"I'm not finished. The thing is, it doesn't add up; these records could be by anybody. Frehley does a bad punk imitation; Simmons has pop tendencies; Criss is a closet MOR wimp, and Stanley tries to be a guitar hero. In other words, it all still sounds like Kiss -- slick, dumb, and inconsequential."

"Good job, Marlowe," she said nervously. "Write it up and send it to this address; your check will be in the mail." She started to get up, but I beat her to the door.

"Not so fast, sister. Like I said, it doesn't add up. So I began to think. Who in her right mind would be so interested in all this that she'd hire a broken-down private dick to figure it out? And why the time limit?"

I ripped the veil and sunglasses off her face.

"I knew it. You're Paulette Weiss of STEREO REVIEW."

"I had to do it, Marlowe," she sobbed. "None of my regular reviewers would touch the stuff, and I had a deadline. It was the only way."

"You're good, sweetheart," I said, putting on my coat. "But not that good."

"You mean...?"

"That's right. I won't write the review for you. Understand?"

"But, Marlowe..."

"I won't do it, do you hear? Get Simels, or Vance, or Coppage; they'll write anything for free albums. But not me."

I started out the door. "Where are you going?" she asked in a voice as quiet as the grave.

"I don't know," I said. "Computer school, maybe. Anywhere I don't have to intellectualize over loud noises."

"You can't run out on me like this."

I shook my head. "You should have thought about it before you got into the editing racket. See you around, sister."

I walked slowly down the five flights of stairs to the street and thought about her. She wasn't the first good girl to miss a deadline, and she wouldn't be the last. Still, somehow I knew I'd never hear from her again. Like I said, what a world. -- Steve Simels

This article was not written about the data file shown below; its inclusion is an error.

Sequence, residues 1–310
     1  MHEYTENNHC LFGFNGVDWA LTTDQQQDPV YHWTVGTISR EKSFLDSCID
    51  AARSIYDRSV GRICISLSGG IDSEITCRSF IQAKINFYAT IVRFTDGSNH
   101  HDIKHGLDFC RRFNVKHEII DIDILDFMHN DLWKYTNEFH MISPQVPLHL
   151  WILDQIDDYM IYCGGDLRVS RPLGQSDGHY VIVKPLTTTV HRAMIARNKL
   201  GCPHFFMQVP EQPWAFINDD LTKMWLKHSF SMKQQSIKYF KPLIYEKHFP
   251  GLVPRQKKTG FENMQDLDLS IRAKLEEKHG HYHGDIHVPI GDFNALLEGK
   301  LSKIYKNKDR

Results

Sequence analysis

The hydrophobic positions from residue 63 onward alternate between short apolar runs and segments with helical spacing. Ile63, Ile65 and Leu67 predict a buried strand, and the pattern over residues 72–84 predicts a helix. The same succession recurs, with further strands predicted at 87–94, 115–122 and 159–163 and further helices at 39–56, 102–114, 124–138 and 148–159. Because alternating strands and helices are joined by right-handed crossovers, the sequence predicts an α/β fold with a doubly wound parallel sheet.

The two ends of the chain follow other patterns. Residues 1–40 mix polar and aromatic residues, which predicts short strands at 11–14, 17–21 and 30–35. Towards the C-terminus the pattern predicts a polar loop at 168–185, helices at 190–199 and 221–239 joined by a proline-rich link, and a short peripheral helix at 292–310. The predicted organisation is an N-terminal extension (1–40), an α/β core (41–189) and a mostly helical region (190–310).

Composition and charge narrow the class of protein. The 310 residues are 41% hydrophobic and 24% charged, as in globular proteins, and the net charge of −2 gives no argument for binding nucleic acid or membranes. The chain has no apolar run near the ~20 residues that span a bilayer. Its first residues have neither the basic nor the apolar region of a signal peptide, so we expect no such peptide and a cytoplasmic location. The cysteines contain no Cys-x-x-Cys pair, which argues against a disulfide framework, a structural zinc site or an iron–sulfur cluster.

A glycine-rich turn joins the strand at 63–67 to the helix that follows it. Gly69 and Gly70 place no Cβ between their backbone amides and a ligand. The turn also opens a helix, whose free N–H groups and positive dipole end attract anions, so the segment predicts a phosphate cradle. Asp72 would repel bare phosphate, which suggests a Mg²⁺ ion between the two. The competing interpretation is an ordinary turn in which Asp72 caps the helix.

[h/t Ken Richardson]

Sunday, May 11, 2008

Tom Petty: Mensch of the Year

Seriously -- what other major rock star would have even thought of doing this, let alone actually getting it done?

And the remake of "Lover of the Bayou" is better than the original.

And Remember -- Mom Upside Down is Wow

From the album Unusual Matricides.

I kid, I kid.

Seriously -- I don't quite know what I think about that, except that I'm not sure John Lennon wrote it as a vocal exercise/American Idol auditon piece for a graduate of the Mickey Mouse Club.

Friday, May 09, 2008

Weekend Listomania (Special Color My World Video Edition)

Well, it's Friday and you know what that means. Yes, my Oriental bete noire (bete jaune?) Hop-Sing and I are off on a weekend campaign junket with Senator Hillary Clinton (D-not bitter). Apparently, we're going some place where hard-working white folks hang out, wherever that might be. (Actually, I find that joke offensive myself, but as you'll see it has a certain thematic relevance so what the hell).

In any case, as a result, posting by moi will necessarily be somewhat fitful for a few days.

But until then, as always, here's a fun project for you all to contemplate:


Totally arbitrary rule: No songs using the actual word color need apply. Which means, say, Love's otherwise brilliant "She Comes in Colors" should just get the fuck out of here. Also: No rainbows.

Okay, that said, here's my totally top of my head Top Ten.

10. Yellow -- Coldplay

I really don't care for this one at all but I figured we needed at least one entry recorded in this century.

9. White Lines (Don't Do It) -- Grandmaster Flash

Amazing how styles change. Back in the day, this was a founding artifact of hip-hop, and yet today it sounds like a classic rock song...

8. Brown Sugar -- The Rolling Stones

I wonder how many late 60s/early 70s backup singers think they're the inspiration for this. Supposedly it's this gal, but I don't think Jagger's come right out and said it.

7. Deep Purple -- Nino Tempo and April Stevens